New car-sharing program to begin at UI campus in October

A Zipcar resides at the University of Michigan for students to rent. The Zipcar program will be available for UI students in October. Photo courtesy of Max Collins, Michigan Daily

A Zipcar resides at the University of Michigan for students to rent. The Zipcar program will be available for UI students in October. Photo courtesy of Max Collins, Michigan Daily

By Michael Logli

Students without a car on campus will soon be able to use one: for limited amounts of time and for a small fee.

The Zipcar program, a car-sharing program known for its sustainability, will begin at the University in October. This program allows students to sign up for an hour or two a day to use a car to drive to places around campus. The car is later returned to where it was picked up and the next student gets to use it.

This four-way deal with Champaign, Urbana, Mass Transit District and the University allows the four groups to share profits and cover costs. MTD maintains the cars and pays for gas and maintenance costs, while the cities and the University cover advertisement and insurance costs, said Pat Pioletti, facilities manager for Urbana.

The program functions with no direct costs to students through fees or tuition, and was created in response to concerns about sustainability and traffic, said Morgan Johnston, transportation demand management coordinator for the University. She also said the main goal of the project is to ease traffic congestion in Campustown and reduce demand for the limited number of parking spaces available.

“We’re trying to encourage the use of alternate modes of transportation,” Johnston said.

Pioletti said the keys are always left in the car. Students would be able to enter the car through a key card system that the student would swipe to enter the vehicle. This would allow MTD, which takes care of maintenance and gas costs, to charge the user and keep track of who has the vehicle, which will prevent thefts from occurring. Though the car locations are unknown, Pioletti said they would be parked in areas that have high levels of traffic. Also, Champaign, Urbana and Campustown will get two cars each, allowing city residents to use the program as well.

The key to making the program successful is to advertise the program well and make students aware of the program, Pioletti said.

The University, along with the cities, will also work on advertising the program to the students, said Johnston. Though a set plan for advertising has not been established, it will likely involve e-mails and tables on the Quad.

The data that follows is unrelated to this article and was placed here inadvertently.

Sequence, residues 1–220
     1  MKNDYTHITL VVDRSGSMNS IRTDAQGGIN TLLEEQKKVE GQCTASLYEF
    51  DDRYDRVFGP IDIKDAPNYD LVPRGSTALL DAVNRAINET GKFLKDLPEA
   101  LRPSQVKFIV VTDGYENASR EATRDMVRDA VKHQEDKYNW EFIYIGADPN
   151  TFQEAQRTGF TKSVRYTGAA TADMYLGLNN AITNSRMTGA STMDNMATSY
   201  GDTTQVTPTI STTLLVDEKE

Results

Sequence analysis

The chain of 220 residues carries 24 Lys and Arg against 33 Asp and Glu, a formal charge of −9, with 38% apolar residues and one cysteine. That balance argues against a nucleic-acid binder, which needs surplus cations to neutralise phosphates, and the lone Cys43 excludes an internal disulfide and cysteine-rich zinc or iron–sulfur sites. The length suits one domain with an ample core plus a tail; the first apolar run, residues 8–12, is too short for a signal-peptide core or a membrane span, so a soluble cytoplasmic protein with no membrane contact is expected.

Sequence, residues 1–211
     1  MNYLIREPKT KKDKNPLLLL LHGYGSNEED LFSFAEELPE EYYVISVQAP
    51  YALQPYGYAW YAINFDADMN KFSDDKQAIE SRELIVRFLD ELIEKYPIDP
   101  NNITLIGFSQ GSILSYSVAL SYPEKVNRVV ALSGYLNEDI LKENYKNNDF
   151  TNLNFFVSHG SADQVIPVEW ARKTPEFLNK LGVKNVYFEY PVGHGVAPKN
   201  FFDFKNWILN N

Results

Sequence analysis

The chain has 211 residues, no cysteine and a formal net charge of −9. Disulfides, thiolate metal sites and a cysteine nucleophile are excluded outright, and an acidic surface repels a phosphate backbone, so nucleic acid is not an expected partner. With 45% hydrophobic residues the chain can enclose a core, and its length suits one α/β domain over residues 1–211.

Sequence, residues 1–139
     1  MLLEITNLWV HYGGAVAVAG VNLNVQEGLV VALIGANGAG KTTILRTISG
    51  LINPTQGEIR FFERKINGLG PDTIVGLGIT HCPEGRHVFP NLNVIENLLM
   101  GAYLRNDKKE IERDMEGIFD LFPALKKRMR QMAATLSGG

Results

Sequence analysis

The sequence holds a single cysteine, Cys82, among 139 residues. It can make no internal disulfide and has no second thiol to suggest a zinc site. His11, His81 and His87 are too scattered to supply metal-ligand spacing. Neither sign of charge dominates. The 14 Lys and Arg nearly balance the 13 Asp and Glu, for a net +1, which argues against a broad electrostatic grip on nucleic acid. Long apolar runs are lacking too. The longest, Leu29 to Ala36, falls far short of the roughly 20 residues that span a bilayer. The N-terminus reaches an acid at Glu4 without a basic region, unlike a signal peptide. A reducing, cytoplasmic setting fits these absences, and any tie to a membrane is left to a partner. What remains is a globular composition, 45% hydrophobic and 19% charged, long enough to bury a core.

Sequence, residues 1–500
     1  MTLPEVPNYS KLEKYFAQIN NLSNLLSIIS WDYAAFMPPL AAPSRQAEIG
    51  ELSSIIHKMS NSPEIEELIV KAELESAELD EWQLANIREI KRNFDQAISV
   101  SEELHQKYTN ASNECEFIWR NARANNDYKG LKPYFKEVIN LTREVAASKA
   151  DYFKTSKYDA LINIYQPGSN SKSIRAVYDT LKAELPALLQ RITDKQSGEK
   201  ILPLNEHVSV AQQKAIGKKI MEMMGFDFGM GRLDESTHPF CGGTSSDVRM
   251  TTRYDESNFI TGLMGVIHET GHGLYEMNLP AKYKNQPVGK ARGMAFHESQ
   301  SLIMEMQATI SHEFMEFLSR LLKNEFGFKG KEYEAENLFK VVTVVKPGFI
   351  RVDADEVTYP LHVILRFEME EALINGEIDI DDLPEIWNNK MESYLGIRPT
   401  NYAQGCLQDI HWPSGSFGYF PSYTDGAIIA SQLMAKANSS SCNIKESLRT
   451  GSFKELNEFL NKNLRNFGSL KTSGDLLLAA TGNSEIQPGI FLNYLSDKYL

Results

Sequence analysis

“It’s going to be very well advertised,” Johnston said. “There is going to be a lot of learning about how easy it is.”

Though the program is successful at many campuses, it has failed elsewhere because the program did not take off fast enough.

“It depends on how long it takes for the program to pay for itself,” Pioletti said.

Zipcar is very popular at the University of Michigan, after which they modeled their current plan, Pioletti said. The program has been at the Ann Arbor campus since October of 2006 and has been very successful, said Brian Pawlowski, alternative transportation coordinator for the University of Michigan.

“A lot of students don’t bring their cars to campus now,” Pawlowski said.

The program began at Ann Arbor with six cars, two on each of the University’s three campuses. It has now expanded to 10 cars and 750 college students signed up for the program, Pawlowski said. The money made with the cars easily covers the $1,500 subsidy fee for each car the University of Michigan originally had to pay, and the Parking and Transportation Services division of the university covers gas and maintenance, Pawlowski said.

The cars have also cleared up congestion on the highways and saved students lots of gas money, Pawlowski said. He said he hopes to continue expanding the program at Ann Arbor by bringing more cars and allowing residents to utilize the program more as well.

“We’re always looking to expand,” Pawlowski said.

Carnegie Mellon University in Pittsburgh also has the program. Judy Podraza, a Carnegie Mellon student, uses the program every once in a while to get around campus and said the program has been really popular since it began last year. Podraza pays $7 an hour to use the car in Pittsburgh, but prices at the University are unknown. Many of the cars are also hybrids.

“They have some pretty sick cars,” Podraza said. “I just wish they didn’t come with the Zipcar logo on the side so I could look cool.”

Though advertisement and student interest will ultimately determine the program’s success at the University, Adam Dhedhi, sophomore in LAS, said he believes the program will do well.

“They’re definitely moving in a good direction with this program,” Dhedhi said.